Philadelphia Inquirer - May 14, 1980

New offer made in talks


NEW YORK Management negotiations offered a new proposal covering a number of key issues as talks in the baseball contract dispute resumed yesterday. The two sides met for about two hours with a federal mediator and then adjourned, with both Marvin Miller, executive director of the union, and Ray Grebey, chief management negotiator, refusing to comment on either the new offer or the status of the talks.


A management spokesman acknowledged that the proposal deals with the most serious issues in the talks – compensation for free-agent signings and the percentage of television revenues to be paid to the players' pension fund.


The players have set a May 22 strike deadline, saying that they will not play unless a new basic agreement is reached by that date.


Talks are scheduled to resume today.

Phils lose as Braves shell Lerch


By Jayson Stark, Inquirer Staff Writer


ATLANTA – Maybe Randy Lerch doesn't need a pitching coach. He just needs an editor.


Edit out a batter or two here, an inning or two there, let Dallas Green send Lerch's highlights film out there every four days instead of the real item, and the guy would be the next Warren Spahn.


If that editor had been hard at work last night, all you'd have seen was Lerch throwing five hitless innings at the Braves the – Braves' A team. Yep, Bob Horner at third. Gary Matthews in right. The real Braves.


Those five innings, Lerch was everything he wants to be, everything Dallas Green wants him to be. Unfortunately, they weren't the only five he pitched.


The first two innings counted, too. And in those, Lerch allowed seven hits and four runs and got the Phillies started toward a 7-3 defeat.


And so, for the seventh straight start this year, for the ninth straight start since Sept. 20, 1979, Lerch had failed to win.


"I feel," said Lerch, wearily, "like I'm a wounded animal with the dogs closing in.


"The bottom line," said Green, "is that he's 0-and-5."


Green has been harsh on the subject of Lerch in the past. Just the other day, he hinted that he felt Lerch was cruising on his great stuff. reputation and said, "We can't wait forever for him to pitch well."


But last night, Green was mostly sympathetic. Those ex-pitchers still feel a pitcher's pain.


"He's just got to remember," said Green, "that he can't win five games at once. He's got to pitch one game at a time from now on. Hopefully, he'll learn from the mistakes he's made over the five games."


Lerch took a 1-0 lead into the bottom of the first, courtesy of two Atlanta errors (Nos. 44 and 45) and a Mike Schmidt double. But Matthews ripped a two-out bullet to third, and Schmidt missed a tough backhand of it for what was scored a two-base error.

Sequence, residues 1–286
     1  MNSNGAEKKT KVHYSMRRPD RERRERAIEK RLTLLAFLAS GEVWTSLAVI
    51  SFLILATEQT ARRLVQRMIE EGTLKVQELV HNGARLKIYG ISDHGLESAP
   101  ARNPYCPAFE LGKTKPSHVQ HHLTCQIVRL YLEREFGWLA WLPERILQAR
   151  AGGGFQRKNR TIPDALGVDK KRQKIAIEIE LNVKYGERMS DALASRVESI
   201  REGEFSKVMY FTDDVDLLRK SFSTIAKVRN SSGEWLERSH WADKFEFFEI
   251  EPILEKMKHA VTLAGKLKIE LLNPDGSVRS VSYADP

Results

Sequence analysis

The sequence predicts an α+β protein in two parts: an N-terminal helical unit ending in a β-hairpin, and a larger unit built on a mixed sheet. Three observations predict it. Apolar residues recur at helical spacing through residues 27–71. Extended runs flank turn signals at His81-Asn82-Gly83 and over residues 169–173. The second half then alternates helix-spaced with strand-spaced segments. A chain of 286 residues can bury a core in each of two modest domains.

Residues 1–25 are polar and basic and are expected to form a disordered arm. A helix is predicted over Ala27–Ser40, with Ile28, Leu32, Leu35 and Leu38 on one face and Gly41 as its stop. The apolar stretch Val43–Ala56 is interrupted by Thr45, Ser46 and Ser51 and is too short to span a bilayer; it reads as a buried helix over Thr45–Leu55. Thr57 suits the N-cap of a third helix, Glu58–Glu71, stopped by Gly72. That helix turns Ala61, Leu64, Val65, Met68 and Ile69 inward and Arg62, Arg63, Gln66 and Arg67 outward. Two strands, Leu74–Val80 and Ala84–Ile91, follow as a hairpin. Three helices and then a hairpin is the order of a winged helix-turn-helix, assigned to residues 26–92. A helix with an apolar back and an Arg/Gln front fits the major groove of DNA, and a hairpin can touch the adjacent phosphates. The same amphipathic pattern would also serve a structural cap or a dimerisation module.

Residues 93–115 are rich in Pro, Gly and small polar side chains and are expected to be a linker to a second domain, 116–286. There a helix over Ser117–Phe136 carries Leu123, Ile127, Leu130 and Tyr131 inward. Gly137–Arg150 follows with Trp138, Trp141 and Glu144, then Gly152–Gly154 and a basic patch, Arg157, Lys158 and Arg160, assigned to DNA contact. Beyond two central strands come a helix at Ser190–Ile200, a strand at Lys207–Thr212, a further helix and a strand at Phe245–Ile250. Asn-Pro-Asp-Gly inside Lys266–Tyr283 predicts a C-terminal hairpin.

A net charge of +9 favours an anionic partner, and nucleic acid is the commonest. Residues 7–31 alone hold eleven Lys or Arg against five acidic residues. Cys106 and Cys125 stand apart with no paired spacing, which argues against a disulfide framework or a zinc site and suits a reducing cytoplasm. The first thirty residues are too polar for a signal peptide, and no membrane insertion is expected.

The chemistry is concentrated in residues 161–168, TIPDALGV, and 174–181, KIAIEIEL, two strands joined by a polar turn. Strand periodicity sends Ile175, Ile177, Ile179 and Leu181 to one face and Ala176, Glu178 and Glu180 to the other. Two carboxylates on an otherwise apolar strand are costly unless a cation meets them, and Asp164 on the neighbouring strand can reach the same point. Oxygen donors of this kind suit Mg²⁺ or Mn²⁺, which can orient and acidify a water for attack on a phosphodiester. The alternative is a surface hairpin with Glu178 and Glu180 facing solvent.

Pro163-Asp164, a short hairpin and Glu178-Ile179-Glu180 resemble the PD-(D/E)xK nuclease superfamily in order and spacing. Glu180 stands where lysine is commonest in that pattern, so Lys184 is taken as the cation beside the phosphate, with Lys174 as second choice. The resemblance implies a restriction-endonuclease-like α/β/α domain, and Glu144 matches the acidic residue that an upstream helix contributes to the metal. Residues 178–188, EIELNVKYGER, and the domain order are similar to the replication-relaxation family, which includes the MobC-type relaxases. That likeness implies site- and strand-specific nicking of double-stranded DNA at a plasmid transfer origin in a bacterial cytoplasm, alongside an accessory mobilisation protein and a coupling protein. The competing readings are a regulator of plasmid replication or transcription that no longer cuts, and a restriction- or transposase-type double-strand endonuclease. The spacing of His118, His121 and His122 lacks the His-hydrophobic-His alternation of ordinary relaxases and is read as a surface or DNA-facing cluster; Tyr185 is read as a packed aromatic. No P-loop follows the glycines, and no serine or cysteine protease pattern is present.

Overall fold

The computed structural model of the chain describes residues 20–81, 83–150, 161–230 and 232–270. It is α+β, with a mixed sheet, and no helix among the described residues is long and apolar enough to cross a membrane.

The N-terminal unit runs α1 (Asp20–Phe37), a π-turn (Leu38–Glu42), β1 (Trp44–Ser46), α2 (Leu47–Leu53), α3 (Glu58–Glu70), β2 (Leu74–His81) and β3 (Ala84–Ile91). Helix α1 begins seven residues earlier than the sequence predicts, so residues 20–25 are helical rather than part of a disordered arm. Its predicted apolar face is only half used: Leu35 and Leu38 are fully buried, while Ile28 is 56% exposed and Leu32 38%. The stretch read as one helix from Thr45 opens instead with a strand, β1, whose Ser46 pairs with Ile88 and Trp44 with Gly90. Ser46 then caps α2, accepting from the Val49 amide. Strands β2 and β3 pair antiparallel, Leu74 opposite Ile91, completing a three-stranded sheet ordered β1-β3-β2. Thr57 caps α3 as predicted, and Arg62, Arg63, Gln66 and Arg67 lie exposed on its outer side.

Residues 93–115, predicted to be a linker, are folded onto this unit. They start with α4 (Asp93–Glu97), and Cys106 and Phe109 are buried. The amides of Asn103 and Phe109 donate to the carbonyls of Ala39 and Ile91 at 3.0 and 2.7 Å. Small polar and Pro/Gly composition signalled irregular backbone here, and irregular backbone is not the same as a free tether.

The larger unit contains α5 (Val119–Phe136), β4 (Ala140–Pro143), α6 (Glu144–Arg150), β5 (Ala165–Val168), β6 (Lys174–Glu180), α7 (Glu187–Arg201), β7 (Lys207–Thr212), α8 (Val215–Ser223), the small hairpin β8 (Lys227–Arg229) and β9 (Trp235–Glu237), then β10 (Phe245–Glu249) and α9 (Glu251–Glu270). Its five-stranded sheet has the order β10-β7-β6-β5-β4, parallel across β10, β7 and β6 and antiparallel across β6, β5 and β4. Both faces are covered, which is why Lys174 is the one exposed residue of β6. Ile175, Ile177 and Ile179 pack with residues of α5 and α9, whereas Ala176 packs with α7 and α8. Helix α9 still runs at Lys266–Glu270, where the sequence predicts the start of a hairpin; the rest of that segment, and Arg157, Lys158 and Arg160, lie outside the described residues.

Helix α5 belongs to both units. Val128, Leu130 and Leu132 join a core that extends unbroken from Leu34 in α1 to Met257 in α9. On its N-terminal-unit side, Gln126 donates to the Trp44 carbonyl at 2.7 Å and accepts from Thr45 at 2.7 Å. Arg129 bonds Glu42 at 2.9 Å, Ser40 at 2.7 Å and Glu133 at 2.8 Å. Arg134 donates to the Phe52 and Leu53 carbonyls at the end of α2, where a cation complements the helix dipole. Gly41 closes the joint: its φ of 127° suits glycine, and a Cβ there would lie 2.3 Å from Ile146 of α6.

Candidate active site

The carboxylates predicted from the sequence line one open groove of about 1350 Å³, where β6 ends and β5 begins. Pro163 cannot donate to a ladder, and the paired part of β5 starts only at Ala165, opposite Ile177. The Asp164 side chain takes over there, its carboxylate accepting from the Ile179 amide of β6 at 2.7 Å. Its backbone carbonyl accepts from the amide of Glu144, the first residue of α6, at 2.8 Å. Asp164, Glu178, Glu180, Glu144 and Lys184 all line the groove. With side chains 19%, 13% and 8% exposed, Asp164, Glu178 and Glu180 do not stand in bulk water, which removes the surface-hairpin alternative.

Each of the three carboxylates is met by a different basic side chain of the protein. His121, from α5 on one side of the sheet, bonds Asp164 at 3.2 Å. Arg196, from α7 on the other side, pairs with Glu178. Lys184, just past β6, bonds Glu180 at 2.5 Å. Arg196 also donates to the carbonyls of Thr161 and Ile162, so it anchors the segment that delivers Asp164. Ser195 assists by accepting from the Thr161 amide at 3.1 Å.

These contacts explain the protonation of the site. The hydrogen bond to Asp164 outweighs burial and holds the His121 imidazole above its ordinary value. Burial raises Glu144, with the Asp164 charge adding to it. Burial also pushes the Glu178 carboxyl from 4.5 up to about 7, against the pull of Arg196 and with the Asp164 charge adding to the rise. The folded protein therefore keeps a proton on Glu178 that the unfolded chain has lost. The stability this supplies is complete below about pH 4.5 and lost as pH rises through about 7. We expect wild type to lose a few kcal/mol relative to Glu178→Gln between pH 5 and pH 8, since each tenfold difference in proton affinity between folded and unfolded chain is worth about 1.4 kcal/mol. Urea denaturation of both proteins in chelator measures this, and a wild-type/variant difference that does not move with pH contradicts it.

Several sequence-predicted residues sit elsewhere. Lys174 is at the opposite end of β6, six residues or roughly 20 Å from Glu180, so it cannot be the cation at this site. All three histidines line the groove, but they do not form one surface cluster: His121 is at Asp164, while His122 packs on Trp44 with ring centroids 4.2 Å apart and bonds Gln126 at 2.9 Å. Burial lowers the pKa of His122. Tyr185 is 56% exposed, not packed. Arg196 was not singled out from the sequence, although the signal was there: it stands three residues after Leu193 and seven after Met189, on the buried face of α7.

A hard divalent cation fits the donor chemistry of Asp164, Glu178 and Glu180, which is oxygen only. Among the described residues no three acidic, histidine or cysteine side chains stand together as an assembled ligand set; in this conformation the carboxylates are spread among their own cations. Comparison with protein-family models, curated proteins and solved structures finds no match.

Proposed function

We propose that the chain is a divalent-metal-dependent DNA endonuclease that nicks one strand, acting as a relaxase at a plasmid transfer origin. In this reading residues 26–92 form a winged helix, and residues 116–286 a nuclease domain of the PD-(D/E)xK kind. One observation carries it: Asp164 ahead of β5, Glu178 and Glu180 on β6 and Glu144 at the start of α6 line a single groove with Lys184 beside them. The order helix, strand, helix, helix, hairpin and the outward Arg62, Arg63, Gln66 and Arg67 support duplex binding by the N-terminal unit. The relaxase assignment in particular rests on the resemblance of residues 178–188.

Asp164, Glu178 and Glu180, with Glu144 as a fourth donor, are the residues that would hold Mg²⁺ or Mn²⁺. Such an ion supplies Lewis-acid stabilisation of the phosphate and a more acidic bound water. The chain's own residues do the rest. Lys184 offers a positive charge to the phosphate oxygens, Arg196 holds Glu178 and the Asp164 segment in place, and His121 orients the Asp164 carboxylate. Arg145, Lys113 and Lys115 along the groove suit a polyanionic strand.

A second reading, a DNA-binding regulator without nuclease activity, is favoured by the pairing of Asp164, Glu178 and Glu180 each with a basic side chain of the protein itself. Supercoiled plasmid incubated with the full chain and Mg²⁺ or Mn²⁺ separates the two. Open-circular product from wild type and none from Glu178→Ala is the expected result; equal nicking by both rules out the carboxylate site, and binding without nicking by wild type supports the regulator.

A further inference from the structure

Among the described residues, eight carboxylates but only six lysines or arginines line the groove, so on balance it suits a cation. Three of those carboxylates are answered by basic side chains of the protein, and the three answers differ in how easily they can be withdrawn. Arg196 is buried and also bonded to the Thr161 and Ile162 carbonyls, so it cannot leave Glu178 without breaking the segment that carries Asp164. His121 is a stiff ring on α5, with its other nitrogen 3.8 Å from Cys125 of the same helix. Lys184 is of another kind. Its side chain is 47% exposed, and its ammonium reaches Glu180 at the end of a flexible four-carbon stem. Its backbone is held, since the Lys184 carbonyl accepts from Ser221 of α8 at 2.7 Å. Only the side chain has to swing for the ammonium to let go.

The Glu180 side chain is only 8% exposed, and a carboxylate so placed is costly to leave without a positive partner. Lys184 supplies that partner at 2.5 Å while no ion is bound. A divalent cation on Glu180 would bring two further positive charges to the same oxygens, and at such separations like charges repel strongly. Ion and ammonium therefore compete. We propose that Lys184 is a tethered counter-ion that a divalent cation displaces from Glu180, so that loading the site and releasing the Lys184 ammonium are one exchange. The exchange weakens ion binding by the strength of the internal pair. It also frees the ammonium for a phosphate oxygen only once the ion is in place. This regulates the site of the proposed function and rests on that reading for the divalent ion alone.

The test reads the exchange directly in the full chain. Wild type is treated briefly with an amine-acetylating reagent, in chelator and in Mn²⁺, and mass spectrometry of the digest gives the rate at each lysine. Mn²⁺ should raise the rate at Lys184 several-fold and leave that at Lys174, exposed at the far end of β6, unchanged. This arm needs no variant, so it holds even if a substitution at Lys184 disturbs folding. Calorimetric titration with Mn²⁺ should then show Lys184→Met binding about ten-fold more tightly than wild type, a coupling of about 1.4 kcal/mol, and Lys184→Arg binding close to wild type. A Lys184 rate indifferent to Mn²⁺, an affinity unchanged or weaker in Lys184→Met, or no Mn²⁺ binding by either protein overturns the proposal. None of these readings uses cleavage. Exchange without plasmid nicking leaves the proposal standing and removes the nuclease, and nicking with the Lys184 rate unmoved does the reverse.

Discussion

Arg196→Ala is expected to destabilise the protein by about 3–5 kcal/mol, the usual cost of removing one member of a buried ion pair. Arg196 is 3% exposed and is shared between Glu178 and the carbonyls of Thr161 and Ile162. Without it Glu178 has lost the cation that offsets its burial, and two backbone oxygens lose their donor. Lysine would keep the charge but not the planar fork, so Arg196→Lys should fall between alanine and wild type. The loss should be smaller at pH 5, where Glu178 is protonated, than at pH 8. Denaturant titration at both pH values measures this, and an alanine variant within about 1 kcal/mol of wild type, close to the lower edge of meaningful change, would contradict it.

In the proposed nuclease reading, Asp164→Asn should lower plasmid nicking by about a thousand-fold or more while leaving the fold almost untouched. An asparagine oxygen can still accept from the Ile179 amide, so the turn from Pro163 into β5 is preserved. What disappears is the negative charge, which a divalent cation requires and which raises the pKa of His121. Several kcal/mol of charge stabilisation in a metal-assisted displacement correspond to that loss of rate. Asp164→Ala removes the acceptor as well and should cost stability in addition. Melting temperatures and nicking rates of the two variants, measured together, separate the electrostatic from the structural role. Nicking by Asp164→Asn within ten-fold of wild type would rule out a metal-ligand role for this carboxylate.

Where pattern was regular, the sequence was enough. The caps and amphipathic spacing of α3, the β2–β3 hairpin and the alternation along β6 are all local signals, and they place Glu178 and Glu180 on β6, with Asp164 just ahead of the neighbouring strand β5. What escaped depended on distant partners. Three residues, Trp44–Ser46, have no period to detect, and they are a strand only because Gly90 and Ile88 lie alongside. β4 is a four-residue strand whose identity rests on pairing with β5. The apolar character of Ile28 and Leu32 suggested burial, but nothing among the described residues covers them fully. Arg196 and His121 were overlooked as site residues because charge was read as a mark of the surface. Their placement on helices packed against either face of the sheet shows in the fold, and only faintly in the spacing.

"A tough play," Schmidt said. "But nine out of 10 times I'll catch that ball."


Next up was Chris Chambliss, the only lefthanded hitter in the Braves' lineup but maybe the toughest out in there. Lerch battled him for 12 pitches. Two were balls. Chambliss fouled off-nine (uh-huh, nine). Then he ripped the 12th for a double, and it was 1-1.


"That may be one of the all-time best at-bats," Lerch said. "I was throwing the ball a foot inside, with some air (speed). And he just kept getting enough of it – until I made the mistake."


Three pitches later, Jeff Burroughs ripped a high slider to the track in center for another double, and it was 2-1. And four straight singles in the second, including a Horner blooper to right for his first RBI of the year, made it 4-1.


Then Lerch turned it around and retired 16 of the last 17 hitters. But the groove came too late.


"I feel sometimes like I'm trying to throw a shutout every time out," said Lerch, sounding disgusted with himself. "I know there's no way I can't win if I throw a shutout.


“lt makes you try too hard. It makes ! yotf try and make every pitch perfect. It makes you overthrow sometimes. You get a couple runners on, and you say, 'Man, I can't let these guys score." And most of the time, you think that way and that's what will happen."


But last night, the Phillies almost saved Lerch from loss No. 5 with a rally in the eighth.


For seven innings, they had been three-hit by Doyle Alexander (1-2). And the biggest noise they had made until then was one Larry Bowa emitted to get ejected by home-plate umpire Steve Fields in the seventh. Bowa griped on two ball-strike calls, then added something after flying out.


Ramon Aviles replaced Bowa. And in the eighth, the Phils knocked out Alexander, got to within 4-3 on Bake McBride's two-run single and had first and second, nobody out.


But reliever Rick Camp pumped a fastball past Greg Luzinski (0-for-his-last-14) for one out. Then Bob Boone thunked a broken-bat bouncer to Horner's defensive replacement, Larvell Blanks. And Blanks started a 5-4-3 double play that Jerry Royster turned at second despite a thundering wipeout slide by Schmidt.


"That's the way it goes when you've got momentum on your side," Schmidt shrugged. "I can't take him out any better."


Just another ball game in Atlanta for the Phillies. If they ever do find that editor for Randy Lerch, his next project ought to be to edit out the whole state of Georgia.


NOTES: Larry Christenson was supposed to start last night. But his chronically arthritic elbow swelled up after his last outing May 7, so Dallas Green decided to scratch him and pitch Lerch. Christenson will pitch Saturday in Houston.... The Boston Red Sox sent veteran utility infielder Stan Papi to the Phillies yesterday, completing the deal in which catcher Dave Rader went to the Red Sox during spring training. Papi will report to Oklahoma City.